Wednesday, September 28, 2005

Sacred Cow: Hydrogen fuel cells, Part III

Now that I've shown you why hydrogen cars won't work, I'm going to tell you what will. I'm not going to tell you to drive less, for two reasons: one, I'm sure it's not something you have much say over, and two, I enjoy driving even in my crappy Honda, and I can't really fault others for it. I'm also not going to tell you to use public transportation, because if you're an American, you won't understand what I'm talking about, and if you're European, it's probably more expensive than driving - and over long distances, not very environmentally friendly: you'd do better to drive across Europe in a Ferrari than to fly EasyJet. Plus, public transportation sucks.

So, here is some rational, reasonable advice on what you can do to make baby pandas feel better:

1. Don't buy an SUV. (If you've bought one, don't drive it.) This really ought to be obvious. SUVs are heavy, and not very aerodynamic, which means that they need a big engine making big power and burning a lot of fuel to get you and your frappucino to work no better than a Citroen C1 can, running on pure enthusiasm. This isn't just a dig at Americans. SUV sales are booming in Europe, and while I can appreciate the desirability of a supercharged Range Rover Sport - God knows I want one - it's really quite silly. If you absolutely must, buy a Volvo XC90. It still uses a lot of petrol, but at least it's safe for you and the person you're going to crash into.

2. Don't buy a hybrid. They're not actually that fuel-efficient, but they cost insane money. In Small Country, a Prius will set you back double what a Corolla would, and you're only perpetuating the myth. Because a hybrid's electricity still comes from the petrol engine, your improvement is a result of it working slightly more efficiently - it charges up the battery while idle, which normally would be wasted power. It would be a lot more energy-efficient to just kill the engine when you're not moving. There are engines out there designed to do this well. Let's hope the technology improves.
A lot of Americans are apparently buying a hybrid SUV. It gets the same MPG as the European sedan counterpart with the same engine minus electric motor, but is a worse car by all accounts - a lot more expensive, too. Silly people.

3. Buy a diesel car. If you're American, your current choice is outdated Volkswagen tech, but I keep hearing that they're going to start selling low-sulphur diesel fuel over there Any Day Now. Mercedes is bringing over its diesel range next year, and theirs are some of the best. If you're European, stop being a snob and go some magazine reviews of the Skoda Fabia vRS and BMW 535d (though the latter is still ugly as sin).

4. Think about how much car you really need. If you're usually the only person in the car, with an occasional passenger, buy something small. If you can afford a Focus, buy a Citroen C1 and upgrade your home theater. If you can afford a base 3-series, buy a Mini Cooper S for the same money. If you can afford a Mercedes S600, buy an Aston Martin V8 Vantage. Then, with the money you save, buy a Mini Cooper S and keep the Aston for the weekend.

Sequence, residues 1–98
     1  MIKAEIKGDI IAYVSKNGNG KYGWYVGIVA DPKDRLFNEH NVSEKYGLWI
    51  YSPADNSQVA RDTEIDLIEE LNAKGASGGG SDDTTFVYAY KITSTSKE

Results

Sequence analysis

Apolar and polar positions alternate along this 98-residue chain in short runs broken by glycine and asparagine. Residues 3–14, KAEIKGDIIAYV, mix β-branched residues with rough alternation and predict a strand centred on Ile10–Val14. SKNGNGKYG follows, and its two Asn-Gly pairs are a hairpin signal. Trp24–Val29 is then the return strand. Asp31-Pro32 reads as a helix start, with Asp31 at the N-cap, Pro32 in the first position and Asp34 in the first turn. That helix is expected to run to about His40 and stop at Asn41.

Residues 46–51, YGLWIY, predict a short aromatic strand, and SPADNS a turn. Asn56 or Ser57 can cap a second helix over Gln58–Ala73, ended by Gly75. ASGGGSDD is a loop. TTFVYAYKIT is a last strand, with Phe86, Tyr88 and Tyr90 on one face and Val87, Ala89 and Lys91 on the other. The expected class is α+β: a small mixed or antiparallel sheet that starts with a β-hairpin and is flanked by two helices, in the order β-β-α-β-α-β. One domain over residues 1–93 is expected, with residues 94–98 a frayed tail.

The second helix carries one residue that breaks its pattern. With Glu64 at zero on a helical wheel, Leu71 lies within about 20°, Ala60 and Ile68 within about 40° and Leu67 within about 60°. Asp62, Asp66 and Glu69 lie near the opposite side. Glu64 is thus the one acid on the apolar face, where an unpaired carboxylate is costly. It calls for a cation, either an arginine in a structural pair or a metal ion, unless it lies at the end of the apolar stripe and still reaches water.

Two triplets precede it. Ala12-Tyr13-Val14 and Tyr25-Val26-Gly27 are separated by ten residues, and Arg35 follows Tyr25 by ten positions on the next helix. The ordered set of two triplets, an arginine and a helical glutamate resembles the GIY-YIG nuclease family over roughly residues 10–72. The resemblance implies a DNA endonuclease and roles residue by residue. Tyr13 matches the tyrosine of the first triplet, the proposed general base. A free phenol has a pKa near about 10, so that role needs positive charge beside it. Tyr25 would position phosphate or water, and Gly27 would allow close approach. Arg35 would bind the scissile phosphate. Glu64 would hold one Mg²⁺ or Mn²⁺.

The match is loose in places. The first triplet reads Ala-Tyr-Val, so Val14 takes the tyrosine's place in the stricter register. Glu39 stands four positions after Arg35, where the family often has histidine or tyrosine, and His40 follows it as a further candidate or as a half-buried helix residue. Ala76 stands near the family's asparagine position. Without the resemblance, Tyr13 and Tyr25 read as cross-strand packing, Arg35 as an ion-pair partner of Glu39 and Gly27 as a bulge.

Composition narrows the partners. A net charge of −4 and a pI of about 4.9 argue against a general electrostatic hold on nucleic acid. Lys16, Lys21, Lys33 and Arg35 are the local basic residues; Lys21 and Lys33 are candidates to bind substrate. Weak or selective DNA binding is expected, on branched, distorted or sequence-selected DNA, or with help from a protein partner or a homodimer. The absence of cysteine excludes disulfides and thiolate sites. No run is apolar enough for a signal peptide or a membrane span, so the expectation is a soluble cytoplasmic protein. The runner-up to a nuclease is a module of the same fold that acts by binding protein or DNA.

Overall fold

5. If they sell biofuel in your country - use it. Biodiesel is getting more and more popular in Europe, and so is E85 (85% ethanol, 15% petrol, useable in most petrol engines). Biofuel is the closest thing we have to a perfect solution: you can always get more of it, you don't need to change very much in a car to run on it, and the external energy source that makes up the difference in getting the power out is the Sun. You can grow biofuel crops just about anywhere, and since they're not for people to eat, you can genetically modify them, fertilize them to hell and use any pesticide you want. Plus all the EU farmers will have something to do.

6. At the end of the day, you could always try to drive less and use public transportation more. Sorry.


Anonymous said...

The "SUVs are safer" argument has always bugged me. It's obviously true for collisions with other cars (not sure how they compare in other circumstances), but it's kind of a safety cold war. As more people get SUVs, the less of an advantage you get from having one yourself; you're no longer as likely to "win" the crash.

Worse yet, widespread SUV adoption makes the safety concern a self-fulfilling prophecy... it's much better to be one car among many than to be the only Focus on a road filled with Hummers. Except due to my previous point, the self-fulfilled prophecy isn't as fulfilled as people think it is.

<--- was in two major accidents in an SUV, only one tiny scratch on the elbow in total human damage.

antyx said...

Quite true, hence my praise of the XC90 which is at least designed to not flatten a Civic on impact.

Fortunately in Europe the absolute numbers of SUVs are still fairly low, and a major chunk of the market is taken up by the likes of the Honda CR-V, which is really not all that offensive.

Anonymous said...

Who are the silly people. It takes more energy to produce one liter of biofuel than the energy the liter biofuel produces. I live in the energy capital of North America - Houston and am invested in conventional and non-conventional energy solutions. You will see truely revolutionary energy technologies coming out of the States soon.

antyx said...

It also takes more energy to produce a liter of oil than a liter of oil produces. There are always method losses, it's unavoidable, high school physics. The difference is, with fossil fuels, the difference was made up by the Sun millions of years ago (when dinosaurs ate plants which used photosynthesis), whereas with biofuel we skip the whole dino juice phase.


| More